Yesterday in Washington, D.C., a week after taking his pro-merit pay message to the National Education Association, Arne Duncan conducted a Q&A with members of the American Federation of Teachers. While the AFT is known as the more "reformist" union — in large part because of the careful political positioning of its president, Randi Weingarten — the education secretary was greeted with real skepticism by the AFT rank-and-file.
Members of the Chicago local laughed, almost theatrically, when Duncan claimed to have supported broad, community-based anti-poverty efforts while working as that city's superintendent. A series of questioners pressed Duncan to reevaluate his positions. One teacher from West Virginia told him that after merit pay was instituted at her school, "The result of this has been a crash in morale. … We are looking upon it as a very elaborate process of favoritism." Duncan was conciliatory. "That system…has a lot of work to do," he said to the West Virginia woman, "I appreciate your frustration." To a questioner concerned about charter schools weeding out special-education students, he replied, "To be clear, I'm not a fan of charters. I'm a fan of good charters." For that, he was gifted with disbelieving boos.
Indeed, while Weingarten and Duncan presented a united front — both have said merit pay plans must have teacher buy-in — their professed mutual admiration covered up some significant differences within the Democratic Party coalition. Just last week, Duncan appointee Joanne Weiss, the administrator for the education department's $5 billion Race to the Top fund, said states that do not allow student test scores to be considered in teacher tenure decisions, such as New York, should be ineligible for the coveted grants, intended to foster innovation. Duncan has also made clear that states should lift caps on the number of charter schools allowed to open in a year. Weingarten, on the other hand, has lobbied Albany in opposition to test score-based tenure and in support of charter caps. She did so even as she managed two union-run charter schools in New York City and actively worked to unionize charter school teachers across the country.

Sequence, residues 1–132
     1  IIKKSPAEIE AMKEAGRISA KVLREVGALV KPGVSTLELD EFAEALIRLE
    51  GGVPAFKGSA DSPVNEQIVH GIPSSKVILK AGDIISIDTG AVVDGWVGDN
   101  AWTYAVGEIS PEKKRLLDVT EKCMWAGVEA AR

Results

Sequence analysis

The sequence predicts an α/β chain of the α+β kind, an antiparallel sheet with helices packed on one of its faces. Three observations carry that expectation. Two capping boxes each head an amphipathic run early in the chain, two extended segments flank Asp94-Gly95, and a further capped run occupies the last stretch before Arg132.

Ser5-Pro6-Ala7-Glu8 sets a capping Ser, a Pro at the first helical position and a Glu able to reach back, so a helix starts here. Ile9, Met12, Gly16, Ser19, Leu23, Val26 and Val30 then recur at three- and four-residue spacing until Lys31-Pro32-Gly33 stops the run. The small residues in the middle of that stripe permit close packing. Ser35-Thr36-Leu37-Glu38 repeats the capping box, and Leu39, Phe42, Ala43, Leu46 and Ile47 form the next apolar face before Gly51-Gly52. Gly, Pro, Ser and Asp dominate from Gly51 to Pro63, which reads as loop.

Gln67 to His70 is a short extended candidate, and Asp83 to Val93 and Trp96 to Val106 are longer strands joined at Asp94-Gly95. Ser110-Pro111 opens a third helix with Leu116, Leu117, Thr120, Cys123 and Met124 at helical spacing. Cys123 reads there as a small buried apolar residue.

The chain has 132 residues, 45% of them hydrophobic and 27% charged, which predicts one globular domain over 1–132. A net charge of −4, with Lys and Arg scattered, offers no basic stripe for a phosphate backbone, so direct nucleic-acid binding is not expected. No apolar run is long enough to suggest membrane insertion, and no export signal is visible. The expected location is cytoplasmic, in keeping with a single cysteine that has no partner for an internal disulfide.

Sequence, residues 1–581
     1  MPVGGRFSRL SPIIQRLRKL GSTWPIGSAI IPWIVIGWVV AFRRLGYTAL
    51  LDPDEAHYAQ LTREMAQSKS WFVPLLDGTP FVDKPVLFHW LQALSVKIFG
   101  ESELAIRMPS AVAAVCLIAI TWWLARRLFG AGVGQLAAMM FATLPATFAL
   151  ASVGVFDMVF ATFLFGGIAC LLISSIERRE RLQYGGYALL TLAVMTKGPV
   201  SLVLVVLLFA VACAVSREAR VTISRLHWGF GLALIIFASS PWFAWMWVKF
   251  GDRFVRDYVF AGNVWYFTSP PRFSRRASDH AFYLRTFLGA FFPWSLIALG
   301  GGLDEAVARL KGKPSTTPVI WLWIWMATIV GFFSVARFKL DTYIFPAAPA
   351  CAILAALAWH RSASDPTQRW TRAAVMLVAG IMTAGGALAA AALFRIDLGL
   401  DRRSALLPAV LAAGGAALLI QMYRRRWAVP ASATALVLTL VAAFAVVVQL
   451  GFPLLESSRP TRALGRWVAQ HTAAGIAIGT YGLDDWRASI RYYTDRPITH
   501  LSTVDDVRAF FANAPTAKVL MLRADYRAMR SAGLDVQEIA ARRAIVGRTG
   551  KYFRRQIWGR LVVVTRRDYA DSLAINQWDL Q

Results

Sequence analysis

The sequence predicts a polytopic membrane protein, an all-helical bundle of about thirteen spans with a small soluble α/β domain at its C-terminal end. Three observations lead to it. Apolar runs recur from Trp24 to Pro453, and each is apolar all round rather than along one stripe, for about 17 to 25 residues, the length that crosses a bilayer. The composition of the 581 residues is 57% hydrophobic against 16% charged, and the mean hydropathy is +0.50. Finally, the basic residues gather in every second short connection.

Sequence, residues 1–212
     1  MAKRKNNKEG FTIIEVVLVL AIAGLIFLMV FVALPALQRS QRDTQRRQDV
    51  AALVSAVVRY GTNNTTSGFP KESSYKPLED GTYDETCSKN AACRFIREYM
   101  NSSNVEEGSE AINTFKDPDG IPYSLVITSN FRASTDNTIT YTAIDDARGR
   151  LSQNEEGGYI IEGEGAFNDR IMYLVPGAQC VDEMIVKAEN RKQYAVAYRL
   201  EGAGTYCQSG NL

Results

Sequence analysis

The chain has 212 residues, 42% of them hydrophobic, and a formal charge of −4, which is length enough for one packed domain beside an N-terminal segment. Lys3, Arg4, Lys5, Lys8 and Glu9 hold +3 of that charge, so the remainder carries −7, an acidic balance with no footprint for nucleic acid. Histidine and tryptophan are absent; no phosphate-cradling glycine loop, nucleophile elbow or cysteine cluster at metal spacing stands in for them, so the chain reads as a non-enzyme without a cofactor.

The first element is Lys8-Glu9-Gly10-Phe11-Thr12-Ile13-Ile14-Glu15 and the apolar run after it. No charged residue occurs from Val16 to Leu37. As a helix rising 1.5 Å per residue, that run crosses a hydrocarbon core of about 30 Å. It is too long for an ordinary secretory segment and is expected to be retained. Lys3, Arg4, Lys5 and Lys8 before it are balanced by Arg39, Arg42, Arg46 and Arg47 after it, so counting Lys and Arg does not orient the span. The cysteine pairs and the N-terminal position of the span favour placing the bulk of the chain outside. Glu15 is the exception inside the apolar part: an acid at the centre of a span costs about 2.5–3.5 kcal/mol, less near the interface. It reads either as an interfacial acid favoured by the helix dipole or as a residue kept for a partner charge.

That's not to say there were no genuine points of comity at the event. Duncan's take on No Child Left Behind won him plaudits. He praised NCLB's success at dis-aggregating achievement numbers by race and class, while criticizing the legislation for being underfunded and stigmatizing "failing" schools. Most significantly, he used NCLB's existing state-by-state standards system to make a plug for common national standards, a concept that seemed popular with the crowd. Under the Bush administration, NCLB was "very, very loose on the goals…and they were very, very tight on how you get there. I want to fundamentally flip that," Duncan said. "I think it's backwards."
cross-posted at TAPPED
Photo of Arne Duncan courtesy House Committee on Education and Labor